I may need to change the typeface of every Greek word in my dissertation from Gentium Book to Gentium Plus. That would take a while if I had to do it manually.
I’m going to show you instead how you can do it automatically. I’m going to take you through all my steps to show you how I got the answer, not just what the answer is, starting with step zero. (Sorry, this is just for Windows users right now—I haven’t tried it in Word for Mac because I don’t have it.)
0. Your Greek characters have to be in Unicode already. (For switching BibleWorks Greek to Unicode, use the Word macro that came with BibleWorks—or beg me and I’ll write a post on that.)
1. Open Character Map and check “Advanced View.” Choose the “Unicode” character set from the dropdown box.
2. Now choose “Unicode Subrange” from the “Group by” dropdown box.
3. Choose “Greek” from the little box that pops up. This will show you all the Greek characters in Unicode.
4. Select the very first character in the top left corner, the “Combining Greek Perispomeni” and hit the “Select” button.
5. Now do the same for the very last character at the bottom right (make sure to scroll down to see it), the “Greek Dasia.”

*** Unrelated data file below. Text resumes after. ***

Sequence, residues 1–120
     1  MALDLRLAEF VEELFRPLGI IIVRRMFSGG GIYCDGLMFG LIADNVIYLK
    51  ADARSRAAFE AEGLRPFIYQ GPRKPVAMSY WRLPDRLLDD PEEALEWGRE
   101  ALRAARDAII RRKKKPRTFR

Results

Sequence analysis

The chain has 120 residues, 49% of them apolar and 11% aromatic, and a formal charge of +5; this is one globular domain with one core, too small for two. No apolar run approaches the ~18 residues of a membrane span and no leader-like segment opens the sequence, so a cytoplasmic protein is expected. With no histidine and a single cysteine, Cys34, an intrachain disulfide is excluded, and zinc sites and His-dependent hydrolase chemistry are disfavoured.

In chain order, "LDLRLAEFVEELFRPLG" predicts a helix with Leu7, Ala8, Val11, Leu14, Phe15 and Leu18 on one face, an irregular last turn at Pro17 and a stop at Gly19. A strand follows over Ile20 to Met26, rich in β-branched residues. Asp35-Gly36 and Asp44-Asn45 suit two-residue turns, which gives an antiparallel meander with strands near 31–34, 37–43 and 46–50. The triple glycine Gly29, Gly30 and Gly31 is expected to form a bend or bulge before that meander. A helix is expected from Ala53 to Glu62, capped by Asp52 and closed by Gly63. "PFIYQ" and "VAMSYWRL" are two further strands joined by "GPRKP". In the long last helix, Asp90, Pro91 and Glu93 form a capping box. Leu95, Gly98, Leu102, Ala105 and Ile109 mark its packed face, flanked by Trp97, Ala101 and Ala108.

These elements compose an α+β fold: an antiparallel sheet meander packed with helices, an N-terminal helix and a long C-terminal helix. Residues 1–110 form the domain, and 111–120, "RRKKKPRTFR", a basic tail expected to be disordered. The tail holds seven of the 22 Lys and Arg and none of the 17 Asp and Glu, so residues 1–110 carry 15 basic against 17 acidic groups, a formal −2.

6. After you’ve hit “Select,” hit “Copy” to copy both characters.
7. Now go to your Word document and hit Ctrl+H for the Find and Replace dialogue.
8. Hit the “More” button and make sure to check “Use wildcards.”
9. Paste the two characters you copied from Character Map into the Find box (Ctrl+V).
10. Now surround those two characters with brackets and put a hyphen in between them. The Find and Replace dialogue should look like this:
Now Word will find every character in between those two—in other words, all the Greek characters there are.
11. Make sure not to have anything in the “Replace with” box, not even a space.
12. Click inside the “Replace with” box and then choose the “Format” button. Choose whatever font or character or paragraph style you want.
13. Click “Replace All” if you think you did it all correctly!
15. Check your document to make sure you didn’t mess up.
That’s it. The same principle will work for any subrange in Unicode—or make your own subrange like [A-Z] for capital letters or [0-9] for numbers.